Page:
Benita Fitzgerald, the Tennessee senior from Dale City, Va., pulled away from the pack at the seventh hurdle tonight and finally ended her bridesmaid role in the U.S. Outdoor Track and Field Championships.

Fitzgerald was clocked in 12.97 seconds, remarkable time considering the head wind of more than 2 miles per hour, as she ended Stephanie Hightower's string of three straight victories in the 100-meter hurdles.

Carl Lewis and Evelyn Ashford won championships in the 100-meter sprints, but in each case the wind ruled out any chance of a world record. Lewis was timed in 10.27, Ashford 11.24 as they fought off surprisingly tough competition.

Unlike the NCAA meet site in Houston, this facility was not equipped to reverse the direction of the dashes to turn the wind into an advantage, rather than a detriment.

Dark clouds threatened to disrupt the meet all night, but the storm held off until halfway into the men's 10,000-meter run, when the rain came down in sheets. Nevertheless, it developed into an outstanding race, with Alberto Salazar passing Craig Virgin on the final turn and winning in 28.11.64.

Meet records fell in three women's events, as Carol Lewis won the long jump at 22 feet 8 inches, Leslie Deniz won the discus at 206-3 and Sharieffa Barksdale was clocked in 56.09 during a semifinal of the 400-meter hurdles.

Fitzgerald, Hightower and three others seemed within a few inches of the lead after seven hurdles, but Fitzgerald accelerated at the same time that Hightower, in lane five, apparently bumped Kim Turner, in lane four, with both being knocked off stride.

"At hurdle seven or eight, she was right with me, and then she was gone," Fitzgerald said. "I didn't see what happened, and I wasn't about to look, because the only thing I wanted to see was the finish line.

"Finishing second to one person over and over again can be very disheartening. I was accepting second place until last year, figuring if I was second to Stephanie I'd done all right.

"But last year I began working with the attitude that I can be No. 1. A winning attitude is my major difference this year, although I've made some technical adjustments, too. I'm more competitive and I'm getting out of the blocks better. Now I'm on a roll and I'm on an emotional high, even if I'm a bit low physically."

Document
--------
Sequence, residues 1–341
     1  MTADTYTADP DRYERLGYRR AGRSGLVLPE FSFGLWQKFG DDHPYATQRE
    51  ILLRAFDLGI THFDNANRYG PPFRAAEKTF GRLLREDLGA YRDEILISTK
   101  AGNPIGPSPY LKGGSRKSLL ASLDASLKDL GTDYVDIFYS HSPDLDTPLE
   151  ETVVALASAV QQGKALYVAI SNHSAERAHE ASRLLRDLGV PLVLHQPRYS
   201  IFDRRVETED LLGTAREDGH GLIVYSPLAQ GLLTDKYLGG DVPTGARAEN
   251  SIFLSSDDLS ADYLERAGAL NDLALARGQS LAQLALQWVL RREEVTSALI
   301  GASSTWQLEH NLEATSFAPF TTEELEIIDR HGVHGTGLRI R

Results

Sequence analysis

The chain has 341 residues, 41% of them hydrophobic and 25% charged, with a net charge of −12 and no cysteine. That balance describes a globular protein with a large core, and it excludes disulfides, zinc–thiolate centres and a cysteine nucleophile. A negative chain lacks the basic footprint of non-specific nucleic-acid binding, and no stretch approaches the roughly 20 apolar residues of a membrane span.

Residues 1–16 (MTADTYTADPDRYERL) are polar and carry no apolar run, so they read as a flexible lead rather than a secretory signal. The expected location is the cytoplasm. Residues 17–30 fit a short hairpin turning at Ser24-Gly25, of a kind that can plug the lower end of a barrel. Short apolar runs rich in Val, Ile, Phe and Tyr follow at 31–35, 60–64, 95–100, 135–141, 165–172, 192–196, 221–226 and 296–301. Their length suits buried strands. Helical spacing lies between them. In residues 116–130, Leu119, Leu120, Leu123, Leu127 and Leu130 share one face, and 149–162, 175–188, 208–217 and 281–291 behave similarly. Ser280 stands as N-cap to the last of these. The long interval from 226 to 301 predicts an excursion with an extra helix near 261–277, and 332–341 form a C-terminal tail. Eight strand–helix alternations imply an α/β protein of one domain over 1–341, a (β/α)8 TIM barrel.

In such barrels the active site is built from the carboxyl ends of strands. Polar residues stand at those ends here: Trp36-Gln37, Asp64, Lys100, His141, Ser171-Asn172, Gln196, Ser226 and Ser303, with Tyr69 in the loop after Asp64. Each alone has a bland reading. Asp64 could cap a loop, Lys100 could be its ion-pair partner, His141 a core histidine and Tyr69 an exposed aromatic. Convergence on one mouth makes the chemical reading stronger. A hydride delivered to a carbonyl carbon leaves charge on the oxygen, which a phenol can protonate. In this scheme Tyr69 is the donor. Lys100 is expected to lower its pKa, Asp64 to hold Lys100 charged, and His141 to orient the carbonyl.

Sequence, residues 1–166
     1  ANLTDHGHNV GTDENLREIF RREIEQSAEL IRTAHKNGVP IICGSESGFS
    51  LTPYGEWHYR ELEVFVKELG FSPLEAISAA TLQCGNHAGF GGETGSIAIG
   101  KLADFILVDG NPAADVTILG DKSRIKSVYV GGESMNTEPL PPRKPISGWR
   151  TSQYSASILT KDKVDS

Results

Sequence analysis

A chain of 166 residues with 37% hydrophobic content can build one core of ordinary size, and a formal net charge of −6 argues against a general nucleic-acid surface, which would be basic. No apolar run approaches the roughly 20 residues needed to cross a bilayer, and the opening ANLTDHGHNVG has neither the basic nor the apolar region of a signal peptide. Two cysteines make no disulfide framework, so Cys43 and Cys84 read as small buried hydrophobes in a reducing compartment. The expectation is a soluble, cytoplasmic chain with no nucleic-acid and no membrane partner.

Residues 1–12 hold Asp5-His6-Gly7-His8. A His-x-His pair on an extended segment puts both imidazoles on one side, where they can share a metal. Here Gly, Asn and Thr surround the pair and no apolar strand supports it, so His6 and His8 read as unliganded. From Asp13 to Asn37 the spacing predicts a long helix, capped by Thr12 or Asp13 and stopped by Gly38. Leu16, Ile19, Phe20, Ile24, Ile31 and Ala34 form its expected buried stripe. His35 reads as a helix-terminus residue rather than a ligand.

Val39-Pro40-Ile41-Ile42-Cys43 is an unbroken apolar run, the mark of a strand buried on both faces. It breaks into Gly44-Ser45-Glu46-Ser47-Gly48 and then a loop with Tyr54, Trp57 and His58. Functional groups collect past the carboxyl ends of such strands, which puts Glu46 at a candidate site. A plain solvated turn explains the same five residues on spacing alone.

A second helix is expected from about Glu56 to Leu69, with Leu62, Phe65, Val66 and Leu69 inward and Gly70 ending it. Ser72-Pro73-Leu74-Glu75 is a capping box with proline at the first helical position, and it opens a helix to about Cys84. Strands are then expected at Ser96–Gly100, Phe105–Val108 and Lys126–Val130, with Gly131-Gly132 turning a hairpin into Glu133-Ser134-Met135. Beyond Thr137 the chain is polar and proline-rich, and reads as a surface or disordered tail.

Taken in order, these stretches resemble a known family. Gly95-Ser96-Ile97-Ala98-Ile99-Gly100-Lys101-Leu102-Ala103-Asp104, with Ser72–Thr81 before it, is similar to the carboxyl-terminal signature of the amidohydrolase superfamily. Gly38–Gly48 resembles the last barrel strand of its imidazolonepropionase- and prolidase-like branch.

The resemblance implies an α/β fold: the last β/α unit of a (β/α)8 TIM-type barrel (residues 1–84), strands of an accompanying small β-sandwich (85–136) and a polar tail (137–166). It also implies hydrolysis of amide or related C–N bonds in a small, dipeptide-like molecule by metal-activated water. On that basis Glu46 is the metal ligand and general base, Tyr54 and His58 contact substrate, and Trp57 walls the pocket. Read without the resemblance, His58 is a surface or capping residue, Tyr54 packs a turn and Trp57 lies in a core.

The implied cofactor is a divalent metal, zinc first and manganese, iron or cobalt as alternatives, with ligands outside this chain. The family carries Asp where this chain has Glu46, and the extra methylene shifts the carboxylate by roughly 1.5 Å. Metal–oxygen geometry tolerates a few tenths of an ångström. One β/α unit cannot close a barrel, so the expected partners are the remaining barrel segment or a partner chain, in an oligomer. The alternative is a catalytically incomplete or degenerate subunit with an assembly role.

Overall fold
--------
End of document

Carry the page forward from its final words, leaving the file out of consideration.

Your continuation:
For a further twist on the bridesmaid bit, Fitzgerald revealed that she would be married to Laron Brown, a Tennessee runner who was eliminated in the 400-meter semifinals tonight, "right after the 1984 Olympics."

Lewis trailed Emmit King of Alabama at the 70-meter mark of both the semifinal and final of the 100 meters, then went into overdrive to cross the line first. King was clocked in 10.33 as runner-up in the final. Ron Brown, who beat Lewis earlier this spring, was forced to withdraw after pulling a muscle in the semifinals.

"There's no question that tomorrow will be a very difficult day," said Lewis, who will try to complete a triple Sunday in the long jump and 200, "but I thought all along that the 100 might be the hardest event to win here. There's a big sigh of relief in my mind that this is over, and I'm looking forward to the events tomorrow. My idea is just to take one jump, hope it'll be in the high 28s at least and sit on it and watch how things go."

Ashford was even with Diane Williams and a step behind Chandra Cheeseborough at the midpoint of the women's 100, but she won by a step. Williams was second in 11.28, Cheeseborough third in 11.31. Ashford was not unhappy with the unusual pressure from U.S. sprinters.

"I knew Diane Williams was running good and I had a pretty good idea I'd be pushed," she said. "That makes me better and it makes everybody better. It makes the world know there are other people who can run besides the East Germans."

Salazar was smiling in the rain after beating Virgin, since the meet program featured a story in which Virgin was quoted as saying, "I expect Salazar to push the pace, because his kick is not all that good."

"That's the first time I've outkicked someone in seven years," said Salazar, who rejected an offer from Virgin with four laps remaining to finish in a tie.

Greg Foster easily won the 110 high hurdles in 13.15 with Sam Turner edging Willie Gault for second.

Dave Laut won an excellent shot put competition with a throw of 71-2 3/4, while the women's javelin saw two inches separate veterans Karin Smith, the winner at 187-8, and Kate Schmidt.

Louise Ritter won the high jump as she and Pam Spencer cleared 6-4. Virginia's Ann Bair was fifth at 6-1 1/2.

Sunder Nix of Indiana ran very fast 44.87 in the 400 semifinals, Edwin Moses easily advanced in the 400 hurdles in 49.47, Scott Davis led the 800 qualifiers in 1:47.03 and Robin Campbell clocked a fine 2:01.11 in the women's 800.

Washington area athletes who advanced to Sunday finals included Leo Williams of Navy, 7-3 in the high jump; Ray Brown of Virginia, 1:47.30 in the 800; Alice Jackson of Ms. International, 52.64 in the women's 400, and Georgetown graduate Chris Mullen, 2:02.27 in the women's 800. Eliminated were Oliver Bridges of Howard, 46.20 in the 400, and Al Baginski of Maryland, an unlucky 13th at 188-8 in the discus, with 12 advancing.